The mouth of a flesh-hungry corpse, as dirty as a Komodo Dragon’s and harboring the diseases that can accompany death, is definitely something to avoid. A bite of this kind would be nearly impossible to treat the in the resource-strapped world of TWD. Not even Herschel’s handful of scavenged antibiotics and veterinary skill could save you from a serious blood infection.
A “Komodo Dead” approach to explaining zombification not only has scientific support, it’s supported by the show. Whether TWD is written so that the characters know this information, they know enough to realize that they can’t treat a bite (or even a scratch) from a walker. Trying to mend a diseased bite is hopeless in a world without working hospitals. This explains why T-Dog or Rick can survive a stabbing but not a walker bite. Rudimentary first aid might be able to handle a gunshot wound, but not tuberculosis.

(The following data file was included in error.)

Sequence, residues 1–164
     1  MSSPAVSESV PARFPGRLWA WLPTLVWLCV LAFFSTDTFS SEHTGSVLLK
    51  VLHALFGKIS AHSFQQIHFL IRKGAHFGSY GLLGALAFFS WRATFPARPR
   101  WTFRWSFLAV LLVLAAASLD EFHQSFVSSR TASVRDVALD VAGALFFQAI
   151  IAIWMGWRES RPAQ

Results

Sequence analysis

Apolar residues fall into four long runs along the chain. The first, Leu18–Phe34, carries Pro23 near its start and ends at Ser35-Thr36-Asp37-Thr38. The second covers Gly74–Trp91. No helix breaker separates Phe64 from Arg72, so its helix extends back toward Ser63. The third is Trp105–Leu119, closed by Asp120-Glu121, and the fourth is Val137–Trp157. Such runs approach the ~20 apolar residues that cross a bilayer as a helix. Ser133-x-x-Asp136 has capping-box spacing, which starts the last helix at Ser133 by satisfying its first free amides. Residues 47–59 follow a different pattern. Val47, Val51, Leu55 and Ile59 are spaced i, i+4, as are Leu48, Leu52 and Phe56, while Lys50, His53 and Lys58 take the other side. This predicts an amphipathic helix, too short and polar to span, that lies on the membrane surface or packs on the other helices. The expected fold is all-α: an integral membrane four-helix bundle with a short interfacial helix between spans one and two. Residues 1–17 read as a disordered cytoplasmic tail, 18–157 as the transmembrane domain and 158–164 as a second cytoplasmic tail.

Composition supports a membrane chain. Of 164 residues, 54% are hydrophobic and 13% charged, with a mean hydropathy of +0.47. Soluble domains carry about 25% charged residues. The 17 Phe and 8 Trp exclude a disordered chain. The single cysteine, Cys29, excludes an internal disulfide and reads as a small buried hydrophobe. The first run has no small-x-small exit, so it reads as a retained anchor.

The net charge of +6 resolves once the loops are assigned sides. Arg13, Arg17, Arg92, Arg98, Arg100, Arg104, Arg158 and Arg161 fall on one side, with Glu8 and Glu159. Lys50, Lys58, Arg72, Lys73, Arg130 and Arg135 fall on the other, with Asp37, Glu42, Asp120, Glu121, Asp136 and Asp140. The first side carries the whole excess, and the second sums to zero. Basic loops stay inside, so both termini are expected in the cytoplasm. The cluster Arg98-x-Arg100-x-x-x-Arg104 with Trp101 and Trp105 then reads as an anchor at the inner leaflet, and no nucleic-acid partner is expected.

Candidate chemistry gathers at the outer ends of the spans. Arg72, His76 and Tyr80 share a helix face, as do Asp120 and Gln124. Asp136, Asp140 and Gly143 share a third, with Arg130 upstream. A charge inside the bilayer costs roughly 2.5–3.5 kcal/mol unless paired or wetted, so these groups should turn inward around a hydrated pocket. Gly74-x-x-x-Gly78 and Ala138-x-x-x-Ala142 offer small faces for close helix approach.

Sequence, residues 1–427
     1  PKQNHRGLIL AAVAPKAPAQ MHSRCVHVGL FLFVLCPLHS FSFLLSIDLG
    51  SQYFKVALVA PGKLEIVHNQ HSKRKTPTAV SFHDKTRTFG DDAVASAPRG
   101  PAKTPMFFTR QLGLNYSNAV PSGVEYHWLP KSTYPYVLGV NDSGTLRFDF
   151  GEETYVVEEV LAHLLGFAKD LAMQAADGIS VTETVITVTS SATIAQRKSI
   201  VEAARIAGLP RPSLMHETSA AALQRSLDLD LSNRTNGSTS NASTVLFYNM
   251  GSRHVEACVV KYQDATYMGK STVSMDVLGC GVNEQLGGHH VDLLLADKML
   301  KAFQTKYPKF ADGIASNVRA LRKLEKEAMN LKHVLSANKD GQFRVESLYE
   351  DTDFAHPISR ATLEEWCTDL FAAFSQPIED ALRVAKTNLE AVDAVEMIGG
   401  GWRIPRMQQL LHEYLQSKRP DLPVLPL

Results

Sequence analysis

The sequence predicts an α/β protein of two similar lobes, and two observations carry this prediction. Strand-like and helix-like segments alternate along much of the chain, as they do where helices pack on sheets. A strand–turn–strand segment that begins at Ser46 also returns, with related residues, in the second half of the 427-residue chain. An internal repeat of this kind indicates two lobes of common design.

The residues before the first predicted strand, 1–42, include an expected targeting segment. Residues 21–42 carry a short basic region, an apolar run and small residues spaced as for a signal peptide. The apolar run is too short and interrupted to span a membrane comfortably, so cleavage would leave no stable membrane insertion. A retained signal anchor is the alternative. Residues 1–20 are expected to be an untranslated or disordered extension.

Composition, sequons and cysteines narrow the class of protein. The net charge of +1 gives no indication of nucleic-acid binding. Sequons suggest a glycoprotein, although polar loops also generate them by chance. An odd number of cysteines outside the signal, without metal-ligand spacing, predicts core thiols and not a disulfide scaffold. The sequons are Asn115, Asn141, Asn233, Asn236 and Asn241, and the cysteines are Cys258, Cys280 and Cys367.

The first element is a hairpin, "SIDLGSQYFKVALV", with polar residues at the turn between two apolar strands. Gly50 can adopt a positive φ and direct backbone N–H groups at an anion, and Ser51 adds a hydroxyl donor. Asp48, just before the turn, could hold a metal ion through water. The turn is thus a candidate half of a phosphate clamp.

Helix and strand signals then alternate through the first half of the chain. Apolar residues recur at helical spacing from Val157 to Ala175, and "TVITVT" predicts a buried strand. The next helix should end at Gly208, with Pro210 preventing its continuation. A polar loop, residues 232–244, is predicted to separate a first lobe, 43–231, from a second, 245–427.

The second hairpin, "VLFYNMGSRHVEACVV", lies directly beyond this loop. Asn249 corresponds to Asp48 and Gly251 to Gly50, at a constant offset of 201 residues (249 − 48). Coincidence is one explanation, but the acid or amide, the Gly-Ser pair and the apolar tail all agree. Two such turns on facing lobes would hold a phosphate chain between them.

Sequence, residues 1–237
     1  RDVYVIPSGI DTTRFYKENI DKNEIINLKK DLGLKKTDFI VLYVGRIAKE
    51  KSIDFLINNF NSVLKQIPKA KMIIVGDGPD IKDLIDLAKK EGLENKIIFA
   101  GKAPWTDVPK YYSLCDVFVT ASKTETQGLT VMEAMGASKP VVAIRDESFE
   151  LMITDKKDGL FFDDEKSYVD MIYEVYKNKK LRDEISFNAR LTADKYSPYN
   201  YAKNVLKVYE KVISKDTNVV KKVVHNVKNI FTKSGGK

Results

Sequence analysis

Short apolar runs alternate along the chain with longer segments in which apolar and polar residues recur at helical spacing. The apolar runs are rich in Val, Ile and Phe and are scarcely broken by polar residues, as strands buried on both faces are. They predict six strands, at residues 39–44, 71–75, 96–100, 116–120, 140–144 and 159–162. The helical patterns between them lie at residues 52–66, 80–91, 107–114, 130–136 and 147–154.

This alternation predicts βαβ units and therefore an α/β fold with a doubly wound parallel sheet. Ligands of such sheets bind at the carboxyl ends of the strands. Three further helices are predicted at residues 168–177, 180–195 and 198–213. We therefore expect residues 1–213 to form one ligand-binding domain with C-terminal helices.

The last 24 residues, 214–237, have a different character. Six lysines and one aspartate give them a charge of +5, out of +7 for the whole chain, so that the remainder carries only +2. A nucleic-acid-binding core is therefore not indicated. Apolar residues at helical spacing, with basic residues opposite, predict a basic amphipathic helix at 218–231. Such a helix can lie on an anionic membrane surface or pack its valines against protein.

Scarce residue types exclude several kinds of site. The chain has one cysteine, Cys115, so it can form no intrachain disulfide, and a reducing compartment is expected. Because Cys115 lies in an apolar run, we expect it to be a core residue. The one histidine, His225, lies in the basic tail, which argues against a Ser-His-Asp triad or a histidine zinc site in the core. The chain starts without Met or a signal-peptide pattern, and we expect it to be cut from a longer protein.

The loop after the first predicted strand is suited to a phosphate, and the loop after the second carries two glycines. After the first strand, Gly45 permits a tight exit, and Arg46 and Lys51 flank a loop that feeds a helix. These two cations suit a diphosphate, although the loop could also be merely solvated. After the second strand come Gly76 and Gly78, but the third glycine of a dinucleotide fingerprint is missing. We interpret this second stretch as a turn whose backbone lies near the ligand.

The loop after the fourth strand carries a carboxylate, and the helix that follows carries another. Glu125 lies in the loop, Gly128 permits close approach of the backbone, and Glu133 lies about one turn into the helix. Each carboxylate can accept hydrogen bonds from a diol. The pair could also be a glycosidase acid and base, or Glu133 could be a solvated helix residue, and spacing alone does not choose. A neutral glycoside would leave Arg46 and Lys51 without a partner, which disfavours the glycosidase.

Though the show routinely portrays the aftermath of a zombie bite as a terrible, unknown kind of fever, this too is consistent with a Komodo-style bite. There is no reason to believe that anyone without medical training would recognize the symptoms of a serious systemic infection. The Walking Dead then cleverly plays with the audience’s conceptions of how zombification works: even the characters assume that there is something special to a zombie bite, when in reality they are simply misidentifying a blend of bacteria.
A scientific understanding of a zombie bite still makes it rational to fear (and possibly mercy-kill) a bitten survivor. An untreatable infection brings on the transformation quicker, and the only way to stop that is with a bludgeon to the brain. Without medical training and supplies, you should avoid the mouth of a walker like, well, grim death.